We must watch out for those who cause division by teaching doctrines that are contrary to Scripture. While the early Church Fathers had to contend with blatant heresies that were easily recognizable, the modern Church often faces more subtle forms of false teaching that can be difficult to identify. However, the Bible is clear that false teachers will always seek to sow division and confusion within the Church, and we must remain vigilant against their tactics.
At the same time, it is important not to lose heart, even when we’re faced with backlash for exercising discernment. The Bible is clear that it is false teachers who cause division, not those who point out false teachings. Sadly, some within the Church may accuse those who speak out against false teachings of being divisive themselves, but this is a misunderstanding of what Scripture teaches. In fact, Paul warns the church in Romans 16:17-18 to “watch out for those who cause divisions and create obstacles contrary to the doctrine that you have been taught; avoid them. For such persons do not serve our Lord Christ, but their own appetites.”
Ultimately, the key to discernment is a deep and abiding knowledge of God’s Word, and a willingness to submit our own opinions and beliefs to the authority of Scripture. As the psalmist wrote in Psalm 119:105, “Your word is a lamp to my feet and a light to my path.” By grounding ourselves in the truth of God’s Word, we can be sure to avoid the subtle and dangerous teachings that can lead us astray, and remain faithful to the true gospel message.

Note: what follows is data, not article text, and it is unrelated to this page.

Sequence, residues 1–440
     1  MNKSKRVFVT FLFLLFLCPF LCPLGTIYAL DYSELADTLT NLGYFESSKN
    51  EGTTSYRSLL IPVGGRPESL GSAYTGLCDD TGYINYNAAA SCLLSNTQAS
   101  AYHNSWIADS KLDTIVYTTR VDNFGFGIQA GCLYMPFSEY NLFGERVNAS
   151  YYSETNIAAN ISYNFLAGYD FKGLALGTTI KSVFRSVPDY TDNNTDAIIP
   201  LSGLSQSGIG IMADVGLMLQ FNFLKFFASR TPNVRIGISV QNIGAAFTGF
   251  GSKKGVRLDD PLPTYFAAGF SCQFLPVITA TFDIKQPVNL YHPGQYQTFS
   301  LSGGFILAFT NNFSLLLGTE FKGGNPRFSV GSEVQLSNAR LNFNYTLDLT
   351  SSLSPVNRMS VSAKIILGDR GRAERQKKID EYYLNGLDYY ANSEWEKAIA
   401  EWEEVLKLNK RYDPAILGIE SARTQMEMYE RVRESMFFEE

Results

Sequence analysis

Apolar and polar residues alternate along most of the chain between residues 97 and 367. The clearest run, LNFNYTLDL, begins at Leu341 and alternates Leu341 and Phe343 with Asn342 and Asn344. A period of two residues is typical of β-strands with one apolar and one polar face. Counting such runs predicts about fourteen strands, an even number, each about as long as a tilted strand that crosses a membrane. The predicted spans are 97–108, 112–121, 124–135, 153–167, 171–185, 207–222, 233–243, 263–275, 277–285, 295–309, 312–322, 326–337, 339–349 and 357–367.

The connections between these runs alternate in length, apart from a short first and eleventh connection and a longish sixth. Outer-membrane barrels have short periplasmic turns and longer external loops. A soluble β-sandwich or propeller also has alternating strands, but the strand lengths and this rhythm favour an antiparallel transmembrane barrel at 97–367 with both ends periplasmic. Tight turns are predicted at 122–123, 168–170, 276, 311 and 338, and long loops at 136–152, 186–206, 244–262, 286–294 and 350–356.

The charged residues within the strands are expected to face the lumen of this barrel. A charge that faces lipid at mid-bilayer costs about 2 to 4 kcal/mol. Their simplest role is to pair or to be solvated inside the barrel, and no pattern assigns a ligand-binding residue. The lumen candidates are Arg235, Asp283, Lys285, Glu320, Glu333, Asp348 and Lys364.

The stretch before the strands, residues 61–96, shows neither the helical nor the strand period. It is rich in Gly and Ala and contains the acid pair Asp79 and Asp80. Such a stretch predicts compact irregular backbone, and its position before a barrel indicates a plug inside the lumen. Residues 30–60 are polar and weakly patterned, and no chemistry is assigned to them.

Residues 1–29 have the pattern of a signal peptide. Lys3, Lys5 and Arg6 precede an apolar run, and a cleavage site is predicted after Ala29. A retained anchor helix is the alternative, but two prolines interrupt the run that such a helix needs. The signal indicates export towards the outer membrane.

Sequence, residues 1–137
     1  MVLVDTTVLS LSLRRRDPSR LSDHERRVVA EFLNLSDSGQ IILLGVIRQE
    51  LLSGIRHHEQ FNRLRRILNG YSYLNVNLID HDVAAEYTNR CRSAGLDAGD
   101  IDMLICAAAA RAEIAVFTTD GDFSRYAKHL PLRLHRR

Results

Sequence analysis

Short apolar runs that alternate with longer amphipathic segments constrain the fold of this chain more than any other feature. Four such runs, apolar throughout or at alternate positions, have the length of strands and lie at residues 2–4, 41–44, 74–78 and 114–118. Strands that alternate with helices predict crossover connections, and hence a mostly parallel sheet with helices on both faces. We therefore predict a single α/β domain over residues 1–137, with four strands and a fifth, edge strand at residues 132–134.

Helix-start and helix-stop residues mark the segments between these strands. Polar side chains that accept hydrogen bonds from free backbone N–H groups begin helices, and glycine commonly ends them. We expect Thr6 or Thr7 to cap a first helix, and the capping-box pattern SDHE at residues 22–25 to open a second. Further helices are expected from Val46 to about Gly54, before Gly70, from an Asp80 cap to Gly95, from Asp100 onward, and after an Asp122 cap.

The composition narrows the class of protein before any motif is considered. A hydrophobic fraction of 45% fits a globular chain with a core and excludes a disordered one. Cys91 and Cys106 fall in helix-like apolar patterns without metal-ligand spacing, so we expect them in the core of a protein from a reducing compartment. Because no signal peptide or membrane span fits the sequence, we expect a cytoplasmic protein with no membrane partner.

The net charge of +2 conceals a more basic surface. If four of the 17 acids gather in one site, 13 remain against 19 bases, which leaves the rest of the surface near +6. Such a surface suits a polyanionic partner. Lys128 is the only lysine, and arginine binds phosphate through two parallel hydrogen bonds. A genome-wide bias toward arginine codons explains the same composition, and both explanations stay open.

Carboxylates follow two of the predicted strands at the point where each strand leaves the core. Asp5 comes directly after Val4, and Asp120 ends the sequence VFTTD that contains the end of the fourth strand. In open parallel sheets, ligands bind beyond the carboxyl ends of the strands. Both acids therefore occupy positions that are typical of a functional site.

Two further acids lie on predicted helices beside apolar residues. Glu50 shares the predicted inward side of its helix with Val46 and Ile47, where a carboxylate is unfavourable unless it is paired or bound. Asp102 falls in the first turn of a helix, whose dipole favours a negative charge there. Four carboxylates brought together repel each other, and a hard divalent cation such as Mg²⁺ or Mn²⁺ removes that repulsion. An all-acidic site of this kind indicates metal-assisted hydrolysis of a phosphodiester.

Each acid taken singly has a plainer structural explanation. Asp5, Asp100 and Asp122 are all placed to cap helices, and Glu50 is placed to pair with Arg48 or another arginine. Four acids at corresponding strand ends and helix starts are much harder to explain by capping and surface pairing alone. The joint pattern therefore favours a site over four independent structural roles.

As followers of Christ—each and every one of us—we bear the responsibility of safeguarding and contending for the faith against the infiltration of subtle heresies and false teachings that can permeate the Church. We must exercise discernment, rigorously examining everything in light of God’s Word and steadfastly embracing that which is good. Equally important is our commitment to voicing opposition against false doctrines while championing the veracity of the gospel, even in the face of unpopularity or resistance.
By upholding these principles, we contribute to the enduring health and vibrancy of the Church, and help preserve the unadulterated essence of the gospel message for future generations. In this way, we honor our faith and fulfill our duty as vigilant guardians of spiritual truth.